David Lowe, Faculty of Engineering, University of Technology, Sydney, P.O. Box 123, Broadway, Sydney, 2007, Australia. firstname.lastname@example.org
World Wide Web, Search, Relevance, Navigation, Context
Search engines provide an important mechanism for dealing with the exploding volume of information on the Web. Numerous sophisticated algorithms have been developed to improve both the performance of search engines and the quality of the results achieved (as measured by both precision of the results and the extent of recall). However the lack of effective consideration of the context of indexed pages limits the relevance of results obtained.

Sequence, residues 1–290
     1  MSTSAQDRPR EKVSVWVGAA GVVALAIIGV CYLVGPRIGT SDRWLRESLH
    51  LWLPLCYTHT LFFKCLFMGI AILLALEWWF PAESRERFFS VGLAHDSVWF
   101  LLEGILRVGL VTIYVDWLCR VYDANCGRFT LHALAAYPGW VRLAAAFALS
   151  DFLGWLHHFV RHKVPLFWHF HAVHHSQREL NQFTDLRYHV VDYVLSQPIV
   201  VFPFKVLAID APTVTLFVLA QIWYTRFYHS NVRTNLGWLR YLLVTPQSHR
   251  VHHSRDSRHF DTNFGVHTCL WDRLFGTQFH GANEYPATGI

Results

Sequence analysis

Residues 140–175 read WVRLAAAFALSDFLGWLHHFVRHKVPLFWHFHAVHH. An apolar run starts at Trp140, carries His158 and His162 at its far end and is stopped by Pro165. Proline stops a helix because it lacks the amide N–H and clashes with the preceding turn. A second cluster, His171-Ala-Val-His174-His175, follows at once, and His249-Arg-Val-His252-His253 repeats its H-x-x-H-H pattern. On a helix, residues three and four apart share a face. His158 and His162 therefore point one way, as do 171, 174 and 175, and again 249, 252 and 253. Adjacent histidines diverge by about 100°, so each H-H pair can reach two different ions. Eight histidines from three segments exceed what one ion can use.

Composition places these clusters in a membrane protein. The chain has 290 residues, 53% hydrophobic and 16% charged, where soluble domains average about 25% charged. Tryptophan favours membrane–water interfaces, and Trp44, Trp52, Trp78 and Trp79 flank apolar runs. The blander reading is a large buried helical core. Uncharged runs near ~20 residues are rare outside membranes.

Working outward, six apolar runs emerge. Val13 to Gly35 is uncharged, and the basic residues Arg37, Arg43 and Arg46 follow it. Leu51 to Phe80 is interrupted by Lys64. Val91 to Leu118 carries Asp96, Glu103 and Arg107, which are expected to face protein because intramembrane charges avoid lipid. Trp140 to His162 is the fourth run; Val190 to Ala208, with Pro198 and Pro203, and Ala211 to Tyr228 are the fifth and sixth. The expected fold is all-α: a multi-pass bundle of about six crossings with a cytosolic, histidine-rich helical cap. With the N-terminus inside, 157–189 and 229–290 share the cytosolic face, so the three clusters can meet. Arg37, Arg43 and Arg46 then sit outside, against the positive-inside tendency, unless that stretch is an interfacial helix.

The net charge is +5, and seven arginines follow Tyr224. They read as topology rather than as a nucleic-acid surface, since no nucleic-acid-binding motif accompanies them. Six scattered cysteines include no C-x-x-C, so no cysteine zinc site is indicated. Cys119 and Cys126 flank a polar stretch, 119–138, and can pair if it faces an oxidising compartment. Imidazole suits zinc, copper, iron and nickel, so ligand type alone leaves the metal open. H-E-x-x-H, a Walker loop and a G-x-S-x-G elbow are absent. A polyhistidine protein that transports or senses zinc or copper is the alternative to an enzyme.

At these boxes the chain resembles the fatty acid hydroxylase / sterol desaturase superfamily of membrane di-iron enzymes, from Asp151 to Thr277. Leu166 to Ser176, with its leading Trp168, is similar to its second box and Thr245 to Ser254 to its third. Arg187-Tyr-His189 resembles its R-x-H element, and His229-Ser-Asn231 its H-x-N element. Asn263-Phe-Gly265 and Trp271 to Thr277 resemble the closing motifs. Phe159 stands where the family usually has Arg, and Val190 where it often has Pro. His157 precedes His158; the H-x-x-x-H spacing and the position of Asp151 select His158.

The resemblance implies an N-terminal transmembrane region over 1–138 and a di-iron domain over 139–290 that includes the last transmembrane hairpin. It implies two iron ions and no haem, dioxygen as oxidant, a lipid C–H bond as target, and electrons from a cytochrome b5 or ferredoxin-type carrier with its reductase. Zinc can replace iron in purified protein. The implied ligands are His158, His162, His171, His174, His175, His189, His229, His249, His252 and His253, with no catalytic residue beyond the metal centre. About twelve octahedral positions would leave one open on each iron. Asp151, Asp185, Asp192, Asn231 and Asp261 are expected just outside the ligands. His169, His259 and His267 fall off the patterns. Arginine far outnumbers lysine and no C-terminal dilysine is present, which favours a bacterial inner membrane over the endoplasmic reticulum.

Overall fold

Our work supports the hypothesis that the relevance of search results can be improved through the inclusion of contextual information. This contextual information can be obtained by an automated analysis of the local information space surrounding a given candidate page - with the local space defined by the navigational structures inherent in the Web. In particular, we treat the content of linked pages as providing a useful context for a source page, and which can consequently be analysed and used to improve searching precision. The research described in this paper involves the development of a prototype search engine that uses this technique. We describe current approaches to searching, and the theory behind our approach. We then look at a prototype search engine that implements these concepts, and the subsequent evaluation of the improvement in information retrieval. The significance of this work includes a greatly improved understanding of context-based searching and a substantially enhanced Web searching capability.
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